Day 313: Inverhope to Achininver – The Mhoine Peninsula

5 comments
Scotland, Sutherland - West

Date of walk: 19/6/19

Ben MacGregor, retired Dounreay engineer & nuclear physicist, signing the visitors book at Freisgill Bothy having just kayaked around the Whiten Head sea caves. Mhoine Peninsula, Sutherland, Scotland.


From Freisgill Bothy, Mhoine Peninsula, Sutherland, Scotland.


Ben MacGregor, Freisgill Bothy, Scotland.


Hearth at Freisgill Bothy, Mhoine Peninsula, Sutherland, Scotland.


Freisgill Bothy, Mhoine Peninsula, Sutherland, Scotland.


Stacan Bana (The Maiden quartzite sea stacks, the eastern of which was where Tom Patey was killed in an abseiling accident.) Mhoine Peninsula, Sutherland, Scotland.


Water & stone. Stacan Bana on the north of the Mhoine Peninsula, Sutherland, Scotland.


Stacan Bana, Mhoine Peninsula, Sutherland, Scotland.


Mol Mhor near Whiten Head, Mhoine Peninsula, Sutherland, Scotland.


Whiten Head sea arch. Mhoine peninsula, Sutherland, Scotland.


Cliffscape I, Whiten Head, Mhoine Peninsula, Sutherland, Scotland.


Whiten Head with its perfect arch that makes me want to take up sea kayaking. Mhoine peninsula, Sutherland, Scotland.


Cliffscape II, Whiten Head, Mhoine Peninsula, Sutherland, Scotland.


Whiten Head, Mhoine Peninsula, Sutherland, Scotland.


Cliffscape III, Whiten Head, Mhoine Peninsula, Sutherland, Scotland.


Rainbow over An Stac from Whiten Head II, Mhoine Peninsula, Sutherland, Scotland.


A peaty pool on the Mhoine Peninsula, Sutherland, Scotland.


Rainbow over An Stac from Whiten Head I, Mhoine Peninsula, Sutherland, Scotland.


Approaching An Stac, Mhoine Peninsula, Sutherland, Scotland.


Below Whiten Head, Mhoine Peninsula, Sutherland, Scotland.


An Stac II, Mhoine Peninsula, Sutherland, Scotland.


Ben Hope from the Mhoine Peninsula, Sutherland, Scotland.


An Stac I, Mhoine Peninsula, Sutherland, Scotland.


Looking west along the Mhoine Peninsula toward a distant Faraid Head and Cape Wrath, Sutherland, Scotland.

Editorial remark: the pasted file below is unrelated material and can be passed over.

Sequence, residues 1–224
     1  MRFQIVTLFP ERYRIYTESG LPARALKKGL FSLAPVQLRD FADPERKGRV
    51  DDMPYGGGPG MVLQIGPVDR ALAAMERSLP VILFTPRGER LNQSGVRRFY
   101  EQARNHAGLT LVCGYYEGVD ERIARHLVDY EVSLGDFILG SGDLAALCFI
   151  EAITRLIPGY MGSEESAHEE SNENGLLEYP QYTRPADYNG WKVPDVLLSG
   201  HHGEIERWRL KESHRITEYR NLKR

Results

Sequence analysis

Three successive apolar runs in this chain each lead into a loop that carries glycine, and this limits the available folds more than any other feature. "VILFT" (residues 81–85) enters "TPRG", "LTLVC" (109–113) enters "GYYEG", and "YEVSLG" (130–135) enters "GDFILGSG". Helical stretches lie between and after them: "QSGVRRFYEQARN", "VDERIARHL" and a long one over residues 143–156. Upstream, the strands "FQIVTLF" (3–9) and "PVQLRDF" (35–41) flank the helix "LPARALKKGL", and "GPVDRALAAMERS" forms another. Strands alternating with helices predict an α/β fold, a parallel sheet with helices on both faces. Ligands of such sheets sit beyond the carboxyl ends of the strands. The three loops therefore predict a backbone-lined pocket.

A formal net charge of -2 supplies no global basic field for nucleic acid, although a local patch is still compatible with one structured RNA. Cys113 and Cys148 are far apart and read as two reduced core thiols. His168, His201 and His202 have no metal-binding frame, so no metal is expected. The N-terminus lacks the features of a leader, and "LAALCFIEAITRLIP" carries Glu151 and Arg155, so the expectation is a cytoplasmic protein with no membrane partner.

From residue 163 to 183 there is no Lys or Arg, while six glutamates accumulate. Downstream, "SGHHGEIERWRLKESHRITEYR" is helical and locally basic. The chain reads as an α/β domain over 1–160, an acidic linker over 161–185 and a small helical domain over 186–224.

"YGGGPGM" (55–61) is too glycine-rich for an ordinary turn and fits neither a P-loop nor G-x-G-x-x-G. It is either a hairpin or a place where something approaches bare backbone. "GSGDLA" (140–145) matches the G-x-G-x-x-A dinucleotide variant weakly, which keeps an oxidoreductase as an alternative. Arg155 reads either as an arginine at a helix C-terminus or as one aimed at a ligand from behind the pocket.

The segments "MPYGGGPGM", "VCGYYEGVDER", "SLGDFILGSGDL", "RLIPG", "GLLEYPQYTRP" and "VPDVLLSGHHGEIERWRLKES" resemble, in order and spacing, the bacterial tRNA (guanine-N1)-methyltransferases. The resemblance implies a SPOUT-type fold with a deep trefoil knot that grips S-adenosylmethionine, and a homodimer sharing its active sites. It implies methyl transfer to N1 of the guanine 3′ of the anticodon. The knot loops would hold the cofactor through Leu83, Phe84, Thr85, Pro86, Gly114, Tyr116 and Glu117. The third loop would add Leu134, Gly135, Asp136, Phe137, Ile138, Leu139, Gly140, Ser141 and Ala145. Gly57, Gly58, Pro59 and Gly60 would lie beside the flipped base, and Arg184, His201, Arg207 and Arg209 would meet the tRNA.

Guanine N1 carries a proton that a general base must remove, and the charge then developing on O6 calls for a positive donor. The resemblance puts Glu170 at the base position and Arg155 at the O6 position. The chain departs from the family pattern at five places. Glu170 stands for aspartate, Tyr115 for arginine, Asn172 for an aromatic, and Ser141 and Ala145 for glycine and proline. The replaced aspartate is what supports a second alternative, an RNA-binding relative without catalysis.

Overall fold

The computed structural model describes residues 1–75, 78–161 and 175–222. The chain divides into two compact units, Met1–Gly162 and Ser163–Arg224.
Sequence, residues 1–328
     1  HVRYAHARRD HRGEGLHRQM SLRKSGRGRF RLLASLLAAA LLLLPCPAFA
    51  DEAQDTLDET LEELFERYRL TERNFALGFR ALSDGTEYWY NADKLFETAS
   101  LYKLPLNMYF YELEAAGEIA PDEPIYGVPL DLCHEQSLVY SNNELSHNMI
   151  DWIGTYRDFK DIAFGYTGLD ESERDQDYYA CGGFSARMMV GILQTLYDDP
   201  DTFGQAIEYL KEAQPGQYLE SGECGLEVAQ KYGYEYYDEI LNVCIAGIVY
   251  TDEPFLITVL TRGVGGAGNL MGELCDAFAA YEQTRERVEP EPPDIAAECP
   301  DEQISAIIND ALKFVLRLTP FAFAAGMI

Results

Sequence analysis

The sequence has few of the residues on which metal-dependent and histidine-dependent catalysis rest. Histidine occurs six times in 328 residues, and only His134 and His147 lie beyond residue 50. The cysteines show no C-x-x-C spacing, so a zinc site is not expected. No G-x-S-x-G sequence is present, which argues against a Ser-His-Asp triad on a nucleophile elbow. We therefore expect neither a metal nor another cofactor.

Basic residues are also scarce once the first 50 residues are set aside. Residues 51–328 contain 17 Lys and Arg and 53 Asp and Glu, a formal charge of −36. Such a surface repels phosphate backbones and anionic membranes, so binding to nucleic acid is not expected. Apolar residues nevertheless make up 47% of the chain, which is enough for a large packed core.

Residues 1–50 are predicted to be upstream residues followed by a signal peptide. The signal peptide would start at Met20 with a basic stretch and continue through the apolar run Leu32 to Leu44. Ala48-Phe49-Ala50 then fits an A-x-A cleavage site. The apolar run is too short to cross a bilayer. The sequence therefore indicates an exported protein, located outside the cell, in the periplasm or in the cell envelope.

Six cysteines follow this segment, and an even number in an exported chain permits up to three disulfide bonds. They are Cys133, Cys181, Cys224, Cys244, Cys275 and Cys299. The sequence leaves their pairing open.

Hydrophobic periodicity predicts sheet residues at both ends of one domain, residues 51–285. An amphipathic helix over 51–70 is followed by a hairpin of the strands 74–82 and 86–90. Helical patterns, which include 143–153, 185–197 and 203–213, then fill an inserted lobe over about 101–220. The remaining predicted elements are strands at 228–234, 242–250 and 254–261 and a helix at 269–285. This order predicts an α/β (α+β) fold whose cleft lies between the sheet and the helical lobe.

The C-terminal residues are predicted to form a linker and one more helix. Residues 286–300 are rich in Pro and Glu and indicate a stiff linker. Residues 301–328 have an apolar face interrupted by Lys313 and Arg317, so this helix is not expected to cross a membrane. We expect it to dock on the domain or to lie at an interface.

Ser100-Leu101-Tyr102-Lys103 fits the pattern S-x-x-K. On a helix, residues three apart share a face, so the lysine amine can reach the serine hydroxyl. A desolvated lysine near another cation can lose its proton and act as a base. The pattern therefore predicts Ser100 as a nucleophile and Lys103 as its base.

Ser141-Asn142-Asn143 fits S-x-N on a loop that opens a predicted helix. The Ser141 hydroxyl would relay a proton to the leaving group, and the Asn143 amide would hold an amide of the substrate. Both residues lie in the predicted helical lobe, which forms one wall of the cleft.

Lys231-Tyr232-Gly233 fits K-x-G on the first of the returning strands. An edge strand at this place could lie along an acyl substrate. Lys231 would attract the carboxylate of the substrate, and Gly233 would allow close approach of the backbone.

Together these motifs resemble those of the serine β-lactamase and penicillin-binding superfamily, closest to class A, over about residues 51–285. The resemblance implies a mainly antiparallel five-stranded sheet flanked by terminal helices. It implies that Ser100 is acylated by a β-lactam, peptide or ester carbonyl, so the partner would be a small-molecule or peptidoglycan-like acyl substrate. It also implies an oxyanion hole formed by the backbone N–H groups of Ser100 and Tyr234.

Sunset from the Mhoine Peninsula, Sutherland, Scotland.

Camp at Achininver Beach, Sutherland, Scotland.


Approaching An Stac on the Mhoine Peninsula.


Midnight and still plenty of light to walk by.

Approaching Freisgill Bothy.
By Freisgill Bothy.
Rainbow over An Stac from Whiten Head.
Whiten Head.
Towards An Stac.
Stacan Bana.
11pm and still a good amount of light.
Strange sounds in the darkness, any ideas?

Midnight wandering.

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5 thoughts on “Day 313: Inverhope to Achininver – The Mhoine Peninsula”

  1. kevan hubbard says:

    Will you have any meet ups with the CNC at Dounray?I have walked past Torness plant south of Dunbar with no encounters .Apart from Torness it looks like Scotland has two other active nuclear plants;Hunterston near Ayr and Chapelcross near Annan.Well I say active as it says Chapelcross has just begun being decommissioned whereas Dounray has been out of action for a good number of years.If I recall correctly Dounray was an experimental plutonium fast breeder fission plant,well they are all fission no success with fusion despite the media hype!,whereas those other three are uranium plants.

    • No, It’s another level of security up there. In fact, I made an official request to follow the beach which was denied.

      • kevan hubbard says:

        It’s a decommissioned joint facility I see.A part of it called HMS Vulcan,Star Trek must have been popular there!,was run by the MOD for testing submarine reactors.So you could have run ins with the CNC and MOD Police there and possibly Military Police too who, assuming that they didn’t suspect you of any sinister motivation, would then hand you over to Police Scotland thereby collecting 4 police forces!And no doubt a stiff fine!The perils of walking!

  2. Martha says:

    I love the photo of Ben MacGregor signing the visitor’s book. There is so much story to this photo.

  3. I lived about 3 miles from Dounreay. On the Dounreay site there were two main reactors there (the original DFR with its sphere, and the later, more powerful PFR) plus a smaller materials testing reactor. My father and brother, my father-in-law and a brother-in-law all worked there. I wouldn’t fancy walking on the coast right there because there were incidents of radioactive contamination, sadly even on Sandside Beach where we used to walk and swim.

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